Canadian man sentenced for sailor's murder

HALIFAX, Nova Scotia - A Canadian man convicted of manslaughter in the stabbing death of a U.S. sailor was sentenced Friday to 15 years in prison.

Justice Felix Cacchione of the Nova Scotia Supreme Court sentenced Cory Wright to 15 years, but reduced his time in jail to 11 years after taking into account time already served.

Wright pleaded guilty two years ago to fatally stabbing Damon Crooks during a 2006 bar brawl at a Halifax, Nova Scotia nightclub.

Crooks, a 28-year-old sailor from Jacksonville, Florida, was serving on the USS Doyle, one of two American naval vessels in Nova Scotia to take part in exercises with the Canadian navy.

Crooks left behind a pregnant fiancee, Schyla Washington, who gave birth to a girl almost two months after the killing.

Searchers struggle to find more bodies

RECIFE, Brazil - Military ships and planes struggled in worsening weather Friday to find more bodies and debris from the Air France jet that likely cracked apart over the Atlantic Ocean.

On the coast, investigators examined corpses and received the first wreckage: two plane seats, oxygen masks, water bottles, and several structural pieces, some no bigger than a man's hand.

Other debris from the jet - which went down May 31 with 228 people on board - will arrive by ship in Recife on Sunday and be taken to the same Air Force hangar in Recife. The most important piece recovered to date is the virtually intact vertical stabilizer, which could give the French investigative agency BEA solid clues about what prompted the crash.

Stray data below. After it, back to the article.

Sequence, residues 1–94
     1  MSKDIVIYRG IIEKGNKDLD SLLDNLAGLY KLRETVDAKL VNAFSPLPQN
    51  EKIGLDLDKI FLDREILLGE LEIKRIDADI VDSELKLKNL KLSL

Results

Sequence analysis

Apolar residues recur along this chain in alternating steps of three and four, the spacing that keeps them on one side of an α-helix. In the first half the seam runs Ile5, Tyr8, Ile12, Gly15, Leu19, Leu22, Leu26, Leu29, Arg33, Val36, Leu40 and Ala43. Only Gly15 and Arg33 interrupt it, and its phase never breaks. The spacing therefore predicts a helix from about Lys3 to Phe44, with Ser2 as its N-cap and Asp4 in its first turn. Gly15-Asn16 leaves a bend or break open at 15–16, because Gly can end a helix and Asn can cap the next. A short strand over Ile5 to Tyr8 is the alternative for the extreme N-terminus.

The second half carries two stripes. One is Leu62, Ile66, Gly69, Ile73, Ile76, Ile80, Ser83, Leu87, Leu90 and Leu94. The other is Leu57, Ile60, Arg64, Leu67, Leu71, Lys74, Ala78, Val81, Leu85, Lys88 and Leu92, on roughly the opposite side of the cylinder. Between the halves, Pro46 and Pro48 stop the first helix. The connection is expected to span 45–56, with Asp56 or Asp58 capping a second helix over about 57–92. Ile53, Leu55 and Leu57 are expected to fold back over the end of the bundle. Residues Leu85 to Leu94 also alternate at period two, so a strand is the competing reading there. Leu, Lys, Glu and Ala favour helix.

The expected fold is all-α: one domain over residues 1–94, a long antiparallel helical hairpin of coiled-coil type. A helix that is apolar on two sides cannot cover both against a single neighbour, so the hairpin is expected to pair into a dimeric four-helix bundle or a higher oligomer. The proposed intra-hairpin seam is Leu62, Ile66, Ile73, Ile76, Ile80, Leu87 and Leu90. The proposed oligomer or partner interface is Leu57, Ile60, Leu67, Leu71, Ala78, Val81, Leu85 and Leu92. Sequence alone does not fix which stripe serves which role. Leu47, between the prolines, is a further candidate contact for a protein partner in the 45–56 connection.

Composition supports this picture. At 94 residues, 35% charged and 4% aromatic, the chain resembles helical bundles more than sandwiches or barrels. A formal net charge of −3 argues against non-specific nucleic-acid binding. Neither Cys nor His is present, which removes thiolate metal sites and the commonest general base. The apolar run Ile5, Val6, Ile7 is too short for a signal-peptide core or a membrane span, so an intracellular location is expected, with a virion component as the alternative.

Top Sunni lawmaker killed

BAGHDAD - The moderate leader of the largest Sunni bloc in parliament was assassinated Friday after delivering a sermon at a Baghdad mosque, a killing that could set back efforts to reconcile differences between the two Muslim sects before national elections.

Harith al-Obeidi, 47, was an outspoken advocate for prisoners' rights, one of the most divisive issues in relations between the disaffected Sunni minority and the Shiite-led government.

He was killed a day after colleagues said he called on parliament to summon interior and defense ministry officials to answer allegations of torture in Iraqi jails. Although most detainees are Sunni, al-Obeidi promoted human rights for all Iraqis.